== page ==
HarperCollins India Acquires Sanjena Sathian’s Debut Novel

HarperCollins India Acquires Sanjena Sathian’s Debut Novel

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India’s leading publishing house HarperCollins India has acquired journalist Sanjena Sathian’s debut novel. The book, title Gold Diggers, will be launched in India in May 21. In a tweet on Monday, the publisher stated that journo’s debut work will be a profoundly intelligent and bitingly funny exploration of identity and coming of age, this brilliant debut marks the arrival of a major talent.

Gold Diggers is a story spanning across two continents, portraying the author’s take on the ways to achieve the American dream. According to the official announcement on Harper India’s website, the book is a story of Neil Narayan, the only child of Indian immigrants in America, and his journey of realizing his dreams and fighting the high expectations of his parents. The book will launch in the United States in April, where it is being published by Penguin. Commenting on the India launch, Sanjena said,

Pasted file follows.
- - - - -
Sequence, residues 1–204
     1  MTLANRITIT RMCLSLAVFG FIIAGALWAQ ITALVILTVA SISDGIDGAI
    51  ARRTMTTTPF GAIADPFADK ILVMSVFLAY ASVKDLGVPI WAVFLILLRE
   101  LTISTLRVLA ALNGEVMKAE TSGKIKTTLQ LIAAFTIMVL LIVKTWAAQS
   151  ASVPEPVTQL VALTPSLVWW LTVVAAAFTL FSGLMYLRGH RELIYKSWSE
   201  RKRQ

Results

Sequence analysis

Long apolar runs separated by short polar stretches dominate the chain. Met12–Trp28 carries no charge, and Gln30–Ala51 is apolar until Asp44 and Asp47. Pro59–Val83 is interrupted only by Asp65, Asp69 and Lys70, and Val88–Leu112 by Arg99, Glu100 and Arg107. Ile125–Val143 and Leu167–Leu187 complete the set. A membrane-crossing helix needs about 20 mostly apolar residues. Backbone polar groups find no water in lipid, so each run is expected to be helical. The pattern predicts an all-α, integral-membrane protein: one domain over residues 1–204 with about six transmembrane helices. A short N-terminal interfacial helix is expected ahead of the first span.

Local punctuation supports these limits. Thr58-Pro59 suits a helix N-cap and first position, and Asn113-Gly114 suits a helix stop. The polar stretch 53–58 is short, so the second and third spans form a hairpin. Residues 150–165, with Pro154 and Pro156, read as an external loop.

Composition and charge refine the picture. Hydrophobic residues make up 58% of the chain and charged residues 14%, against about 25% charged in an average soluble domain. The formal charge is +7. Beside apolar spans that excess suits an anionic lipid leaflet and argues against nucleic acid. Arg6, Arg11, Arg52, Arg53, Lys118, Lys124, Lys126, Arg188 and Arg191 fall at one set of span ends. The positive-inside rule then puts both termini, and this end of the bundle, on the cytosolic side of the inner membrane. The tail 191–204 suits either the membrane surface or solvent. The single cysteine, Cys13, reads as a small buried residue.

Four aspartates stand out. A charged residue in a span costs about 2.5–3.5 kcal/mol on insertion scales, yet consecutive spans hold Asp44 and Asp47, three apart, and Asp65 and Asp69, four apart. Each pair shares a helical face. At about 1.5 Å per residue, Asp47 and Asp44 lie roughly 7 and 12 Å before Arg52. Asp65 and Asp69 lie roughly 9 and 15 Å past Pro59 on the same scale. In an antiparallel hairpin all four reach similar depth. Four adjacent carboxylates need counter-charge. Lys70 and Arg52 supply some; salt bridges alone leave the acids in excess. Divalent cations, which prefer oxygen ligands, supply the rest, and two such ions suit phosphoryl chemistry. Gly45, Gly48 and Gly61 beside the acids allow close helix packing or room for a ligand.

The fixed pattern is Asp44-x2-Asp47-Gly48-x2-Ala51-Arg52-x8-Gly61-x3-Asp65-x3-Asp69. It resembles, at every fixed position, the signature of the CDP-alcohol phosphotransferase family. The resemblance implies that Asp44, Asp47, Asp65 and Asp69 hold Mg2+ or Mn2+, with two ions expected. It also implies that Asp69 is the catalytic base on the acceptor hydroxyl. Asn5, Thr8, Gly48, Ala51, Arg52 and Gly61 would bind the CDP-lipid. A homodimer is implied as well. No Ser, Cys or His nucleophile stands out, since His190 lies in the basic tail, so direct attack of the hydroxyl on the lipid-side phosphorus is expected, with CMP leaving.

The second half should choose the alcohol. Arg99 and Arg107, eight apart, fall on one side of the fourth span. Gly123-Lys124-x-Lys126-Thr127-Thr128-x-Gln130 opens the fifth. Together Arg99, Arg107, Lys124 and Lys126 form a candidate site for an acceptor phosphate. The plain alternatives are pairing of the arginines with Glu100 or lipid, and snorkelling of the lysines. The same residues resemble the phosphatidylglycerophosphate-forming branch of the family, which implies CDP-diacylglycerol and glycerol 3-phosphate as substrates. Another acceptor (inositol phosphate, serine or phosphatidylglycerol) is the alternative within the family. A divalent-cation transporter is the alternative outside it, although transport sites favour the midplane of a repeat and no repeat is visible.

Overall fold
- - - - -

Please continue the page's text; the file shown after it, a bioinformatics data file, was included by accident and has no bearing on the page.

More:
“As the granddaughter and great-granddaughter of Malayali translators, my own literary heritage begins in India, and I’ve long dreamt of having readers there. Living in Mumbai for several years myself and interviewing my family about their time growing up and attending college in then-Bombay was essential in writing the book, so I’m delighted to bring the work to India.”

Speaking about the acquisition of the highly anticipated novel, Literary Publisher at HarperCollins India, Udayan Mitra stated that the story is a genre-defining saga about Indians in America. He further added that Sanjena is a major new talent and will connect powerfully with Indian readers.

About the Author

Sanjena Sathian is a former Paul and Daisy Soros Fellow, and a graduate of the Iowa Writers’ Workshop. Raised in Georgia by Indian immigrant parents, Sanjena has worked as a journalist in Mumbai and San Francisco with elite media houses like The New Yorker, The New York Times, The Washington Post, et al. She has also taught creative writing to students in Iowa, Alaska, New Zealand, and India.

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